country. He has faced setbacks -- for example, when his congestion pricing
plan to reduce the number of cars in Manhattan was killed by the state
legislature. He was mocked when he spoke of placing windmills on bridges and
skyscrapers, and a few New York tabloids ran illustrations of wind turbines
on the Brooklyn
Still, he has asked private companies to submit ideas to develop wind, solar
and water energy projects. And for the past year, his administration has
supported the water turbines, a project many years in the making.
The idea is simple: As water flows, it spins the rotors and produces
electricity. The turbines run according to the tide charts, which are as
predictable as phases of the moon.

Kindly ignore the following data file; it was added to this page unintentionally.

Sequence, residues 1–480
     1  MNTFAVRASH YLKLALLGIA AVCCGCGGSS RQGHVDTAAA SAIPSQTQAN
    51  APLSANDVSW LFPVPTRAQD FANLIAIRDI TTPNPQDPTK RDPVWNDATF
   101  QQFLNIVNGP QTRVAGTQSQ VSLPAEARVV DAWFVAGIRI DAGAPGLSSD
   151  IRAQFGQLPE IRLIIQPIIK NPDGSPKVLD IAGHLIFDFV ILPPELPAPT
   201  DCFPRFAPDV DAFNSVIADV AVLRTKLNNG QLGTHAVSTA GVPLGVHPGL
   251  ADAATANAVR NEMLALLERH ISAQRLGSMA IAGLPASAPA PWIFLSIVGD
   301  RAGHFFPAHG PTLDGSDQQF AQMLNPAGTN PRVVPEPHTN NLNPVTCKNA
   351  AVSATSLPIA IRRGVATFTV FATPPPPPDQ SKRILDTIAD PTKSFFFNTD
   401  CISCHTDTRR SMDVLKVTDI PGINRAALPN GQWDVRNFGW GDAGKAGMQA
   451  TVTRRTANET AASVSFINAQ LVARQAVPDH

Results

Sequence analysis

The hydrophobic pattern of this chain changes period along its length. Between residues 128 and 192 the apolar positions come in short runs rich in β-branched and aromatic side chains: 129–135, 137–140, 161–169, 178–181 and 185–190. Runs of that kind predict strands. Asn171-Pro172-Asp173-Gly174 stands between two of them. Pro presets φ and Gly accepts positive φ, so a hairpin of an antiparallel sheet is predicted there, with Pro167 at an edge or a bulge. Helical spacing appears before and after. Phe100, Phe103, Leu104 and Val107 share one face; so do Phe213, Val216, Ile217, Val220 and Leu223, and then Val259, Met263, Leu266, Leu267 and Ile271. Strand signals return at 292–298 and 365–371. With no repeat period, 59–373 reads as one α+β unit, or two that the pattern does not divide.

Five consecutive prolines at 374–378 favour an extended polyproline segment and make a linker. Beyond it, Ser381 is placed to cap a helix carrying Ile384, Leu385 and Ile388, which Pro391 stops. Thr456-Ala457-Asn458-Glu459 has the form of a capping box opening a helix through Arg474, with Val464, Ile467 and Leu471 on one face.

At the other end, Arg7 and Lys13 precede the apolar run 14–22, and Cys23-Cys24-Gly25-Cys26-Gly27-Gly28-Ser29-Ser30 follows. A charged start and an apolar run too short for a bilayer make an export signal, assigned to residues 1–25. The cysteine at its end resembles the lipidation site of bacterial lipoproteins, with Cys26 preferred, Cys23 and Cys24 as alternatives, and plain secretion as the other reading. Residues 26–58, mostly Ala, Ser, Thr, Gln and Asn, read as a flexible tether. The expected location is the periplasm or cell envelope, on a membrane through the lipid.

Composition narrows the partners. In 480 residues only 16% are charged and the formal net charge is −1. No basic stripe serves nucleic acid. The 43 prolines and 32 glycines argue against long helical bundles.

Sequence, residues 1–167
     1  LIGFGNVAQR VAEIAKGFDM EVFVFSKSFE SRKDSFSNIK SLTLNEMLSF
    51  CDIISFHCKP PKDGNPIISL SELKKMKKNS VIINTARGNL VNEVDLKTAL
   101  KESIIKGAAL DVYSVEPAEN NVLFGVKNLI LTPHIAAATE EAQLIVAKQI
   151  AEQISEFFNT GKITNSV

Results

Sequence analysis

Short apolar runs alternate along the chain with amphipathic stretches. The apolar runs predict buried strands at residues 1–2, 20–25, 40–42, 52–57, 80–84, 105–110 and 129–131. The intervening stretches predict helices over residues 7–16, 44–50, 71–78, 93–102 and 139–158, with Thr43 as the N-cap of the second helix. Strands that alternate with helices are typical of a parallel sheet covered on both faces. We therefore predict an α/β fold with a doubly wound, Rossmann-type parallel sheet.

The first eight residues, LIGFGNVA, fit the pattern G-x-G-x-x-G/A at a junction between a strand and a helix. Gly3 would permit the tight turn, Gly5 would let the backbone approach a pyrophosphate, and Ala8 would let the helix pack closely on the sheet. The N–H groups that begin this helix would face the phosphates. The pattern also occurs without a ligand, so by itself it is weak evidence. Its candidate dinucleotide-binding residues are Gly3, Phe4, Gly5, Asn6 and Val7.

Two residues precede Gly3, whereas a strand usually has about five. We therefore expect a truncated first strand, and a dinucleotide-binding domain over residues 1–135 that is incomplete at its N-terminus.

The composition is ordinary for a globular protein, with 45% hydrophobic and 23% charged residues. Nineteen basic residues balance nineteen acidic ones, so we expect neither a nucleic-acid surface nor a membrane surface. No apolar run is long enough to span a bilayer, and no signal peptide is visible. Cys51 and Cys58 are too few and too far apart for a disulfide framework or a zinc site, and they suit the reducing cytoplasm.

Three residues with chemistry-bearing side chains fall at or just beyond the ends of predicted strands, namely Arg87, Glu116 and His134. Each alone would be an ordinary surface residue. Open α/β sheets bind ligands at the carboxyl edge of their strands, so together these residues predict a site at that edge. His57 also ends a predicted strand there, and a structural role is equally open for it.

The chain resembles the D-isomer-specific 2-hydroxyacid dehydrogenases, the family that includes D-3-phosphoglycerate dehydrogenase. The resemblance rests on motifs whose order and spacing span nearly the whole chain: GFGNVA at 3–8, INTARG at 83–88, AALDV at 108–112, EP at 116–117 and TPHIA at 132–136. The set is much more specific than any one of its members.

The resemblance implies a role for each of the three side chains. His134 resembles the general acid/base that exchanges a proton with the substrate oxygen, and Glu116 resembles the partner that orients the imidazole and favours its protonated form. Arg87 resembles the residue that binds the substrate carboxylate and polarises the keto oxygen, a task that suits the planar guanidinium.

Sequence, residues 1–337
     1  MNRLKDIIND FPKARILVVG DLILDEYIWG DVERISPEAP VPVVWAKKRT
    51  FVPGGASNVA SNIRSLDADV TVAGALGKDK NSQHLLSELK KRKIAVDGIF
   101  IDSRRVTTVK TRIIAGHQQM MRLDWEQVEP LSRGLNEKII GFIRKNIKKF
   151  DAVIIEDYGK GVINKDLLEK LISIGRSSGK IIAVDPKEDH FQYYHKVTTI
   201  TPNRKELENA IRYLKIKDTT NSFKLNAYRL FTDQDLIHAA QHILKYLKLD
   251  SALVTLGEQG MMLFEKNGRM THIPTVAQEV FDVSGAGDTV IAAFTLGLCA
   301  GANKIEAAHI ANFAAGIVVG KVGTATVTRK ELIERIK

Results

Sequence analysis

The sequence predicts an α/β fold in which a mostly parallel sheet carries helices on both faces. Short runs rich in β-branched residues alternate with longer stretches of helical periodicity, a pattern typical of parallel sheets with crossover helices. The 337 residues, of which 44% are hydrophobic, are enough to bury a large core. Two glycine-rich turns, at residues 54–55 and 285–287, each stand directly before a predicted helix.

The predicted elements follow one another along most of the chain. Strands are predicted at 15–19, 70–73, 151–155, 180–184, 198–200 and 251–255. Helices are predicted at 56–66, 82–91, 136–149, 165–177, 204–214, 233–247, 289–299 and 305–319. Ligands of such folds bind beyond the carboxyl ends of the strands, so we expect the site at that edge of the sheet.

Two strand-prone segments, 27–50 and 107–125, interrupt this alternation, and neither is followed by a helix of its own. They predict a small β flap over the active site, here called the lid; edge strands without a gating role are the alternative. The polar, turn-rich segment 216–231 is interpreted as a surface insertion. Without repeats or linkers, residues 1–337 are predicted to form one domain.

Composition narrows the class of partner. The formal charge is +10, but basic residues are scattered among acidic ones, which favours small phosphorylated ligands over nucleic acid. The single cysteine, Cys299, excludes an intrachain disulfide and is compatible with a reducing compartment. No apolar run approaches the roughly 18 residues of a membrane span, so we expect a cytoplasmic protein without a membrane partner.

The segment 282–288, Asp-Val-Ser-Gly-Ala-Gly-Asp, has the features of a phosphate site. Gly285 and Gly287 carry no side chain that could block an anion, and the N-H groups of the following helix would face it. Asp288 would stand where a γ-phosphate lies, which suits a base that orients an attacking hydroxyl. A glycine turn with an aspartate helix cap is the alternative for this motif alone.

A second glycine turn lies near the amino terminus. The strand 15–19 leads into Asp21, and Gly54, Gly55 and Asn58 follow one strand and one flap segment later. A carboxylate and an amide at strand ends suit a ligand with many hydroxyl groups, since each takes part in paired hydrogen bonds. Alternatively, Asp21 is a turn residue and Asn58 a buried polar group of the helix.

The idea was rejected for state funding in 2000, only to be accepted a few
The strength of the flows of the East River -- which is technically not a
river, but a tidal strait, whose current switches direction throughout the
day -- makes it an ideal spot for generating power. The strength of the
current also makes it hard on equipment. Swift-moving waters chewed up the
first two types of turbines, which Verdant, a small, private company,
installed in late 2006 and early 2007.
The first blades were fiberglass with a steel skeleton. Later, another set
of rotors was made from aluminum and magnesium.
"The water was very powerful, so it broke the rotors," Taylor said.
The newest blades are made from an aluminum alloy, attached to rotors whose
strength has been extensively tested. If all holds together, Taylor expects
to apply for permission to expand and launch a commercial operation.